All dressed up: why clothes mean business in the movies
For some moviegoers a revealing moment always has to involve people taking off their clothes. In fact, they only want to watch the kind of films that involve the rapid shedding of any and all garments, followed by pretty much wall-to-wall nakedness. Plot, dialogue and artistic considerations are all of minor importance.
Well, I’ll admit that a little judiciously timed undressing can be fun. The unveiling of Brad Pitt’s gleaming torso in 1991’s Thelma and Louise was almost as exciting for audiences as it was for Geena Davis’s gorgeous but gullible housewife. But Nicolas Roeg’s Don’t Look Now offered an intriguing alternative, with that notorious love scene in which Donald Sutherland and Julie Christie’s energetic coupling is intercut with scenes of them dressing for dinner.
Hemlines rise and fall; fashions come and go; but wardrobe has always been an essential element of film. The stars of Hollywood’s Golden Age, like Garbo and Rita Hayworth, owed as much to the respective talents of designers Adrian and Jean Louis as they did to their iconic roles and classic beauty. The same applies in TV, where the immaculate 1960s tailoring of Mad Men’s Don Draper (Jon Hamm) attracts almost as many plaudits as the brilliantly crafted scripts.
That’s because clothes on screen are not just about surface glamour: they can convey details about character, mood and circumstances. So, while casting caution — and lingerie — to the winds can be titillating, it’s really much more revealing to watch characters suiting up, putting on the slap and preparing for love, death or deception.
In Clueless, the world of Alicia Silverstone’s fashion-obsessed Cher revolves around her attire – she uses a computer to co-ordinate her outfits. But even she is outdone by John Travolta’s Tony Manero in Saturday Night Fever — a polyester-suited paradigm of male vanity and youthful machismo. Away from the dance floor, he just can’t stop backcombing, zipping up, and slipping into the widest-collared shirts the 70s had to offer.
At the risk of upsetting aficionados of Marvel and DC, superhero movies always seem to me to be largely about the power of the costume change. Yes, I know that the world is going to be imperilled and then saved – again. What I really want to see are the transformative moments in which geeky Peter Parker or brooding Bruce Wayne slips into a mask, cape and figure-hugging suit and prepares to fight the good fight.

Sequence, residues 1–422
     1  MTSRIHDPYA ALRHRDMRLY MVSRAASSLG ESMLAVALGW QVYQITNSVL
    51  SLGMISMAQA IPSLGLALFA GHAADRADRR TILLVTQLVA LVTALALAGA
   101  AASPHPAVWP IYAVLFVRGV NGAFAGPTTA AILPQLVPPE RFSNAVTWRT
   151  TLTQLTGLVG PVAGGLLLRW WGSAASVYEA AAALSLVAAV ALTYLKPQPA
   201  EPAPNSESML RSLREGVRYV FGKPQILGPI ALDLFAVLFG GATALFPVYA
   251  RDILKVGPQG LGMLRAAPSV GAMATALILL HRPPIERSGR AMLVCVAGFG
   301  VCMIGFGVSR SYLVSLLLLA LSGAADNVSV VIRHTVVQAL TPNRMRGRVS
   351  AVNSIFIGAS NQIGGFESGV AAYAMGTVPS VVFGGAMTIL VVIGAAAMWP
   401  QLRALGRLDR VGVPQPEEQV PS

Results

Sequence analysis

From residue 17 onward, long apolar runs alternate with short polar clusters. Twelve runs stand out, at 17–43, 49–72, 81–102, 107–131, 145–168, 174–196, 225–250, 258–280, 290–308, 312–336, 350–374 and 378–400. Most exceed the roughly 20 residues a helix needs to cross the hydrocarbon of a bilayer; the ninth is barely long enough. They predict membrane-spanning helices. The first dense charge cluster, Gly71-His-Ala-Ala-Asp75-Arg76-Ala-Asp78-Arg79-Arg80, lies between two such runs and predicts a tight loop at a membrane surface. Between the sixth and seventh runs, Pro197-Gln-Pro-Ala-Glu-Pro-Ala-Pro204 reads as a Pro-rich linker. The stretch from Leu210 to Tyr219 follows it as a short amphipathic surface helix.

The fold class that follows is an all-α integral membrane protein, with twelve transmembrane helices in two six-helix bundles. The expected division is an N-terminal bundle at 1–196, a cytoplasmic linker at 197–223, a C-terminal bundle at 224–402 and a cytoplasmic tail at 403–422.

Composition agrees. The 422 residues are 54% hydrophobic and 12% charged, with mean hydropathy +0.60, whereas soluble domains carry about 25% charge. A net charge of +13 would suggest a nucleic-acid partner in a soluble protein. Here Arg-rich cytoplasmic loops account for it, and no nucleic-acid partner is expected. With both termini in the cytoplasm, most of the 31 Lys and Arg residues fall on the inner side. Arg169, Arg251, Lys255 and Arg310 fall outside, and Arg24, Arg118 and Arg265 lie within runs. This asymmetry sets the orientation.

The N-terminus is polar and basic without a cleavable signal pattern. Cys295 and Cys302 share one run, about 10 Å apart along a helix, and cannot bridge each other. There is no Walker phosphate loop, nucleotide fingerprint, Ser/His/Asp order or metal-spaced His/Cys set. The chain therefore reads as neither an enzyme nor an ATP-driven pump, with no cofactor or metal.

There’s a big difference between crude cross-dressing comedies like Big Momma’s House, and serious examinations of gender politics and sexual identity like the Oscar-winning Boys Don’t Cry. Watching Teena Brandon (Hilary Swank) improvising a crotch bulge with a rolled- up sock is not comedic or ridiculous – it shows the extent of this young woman’s desire to live and be seen as a man.
So, in tribute to all those conflicted, couture-loving or simply vain characters who have graced the silver screen, here are some “revealing” moments:
The opening scenes of Stephen Frears’s period drama show the Marquise de Merteuil (Glenn Close) and her sometime lover the Vicomte de Valmont (John Malkovich) being primped, plucked and primed for another day of indolence, scheming and needless cruelty.
Robert Downey Jr’s jaw-dropping transformation from industrialist Tony Stark to ultimate fighting machine requires something a little more substantial than an empty phone booth and a stretchy suit.
He’s a stud who takes off his clothes for a living, but Julian (Richard Gere) displays a genuine reverence towards his Armani wardrobe. The man, his “profession” and the essence of the acquisitive 80s are laid bare in the scene in which he surveys the contents of his closet and tenderly lays out shirts and ties on the bed.
“This is ridiculous” declares Marie Antoinette (Kirsten Dunst) at the conclusion of yet another Versailles bedroom farce. It’s not Louis XVI who’s failing to “perform” here, but the protocol-obsessed courtiers who compete to place the first garment over the head of the naked young queen.
The Bitter Tears of Petra von Kant
The tortured love life of bisexual fashion designer Petra (Margit Carstensen) unfolds in a series of highly stylised bedroom scenes, featuring several startling changes of wig and costume.
– Susannah Straughan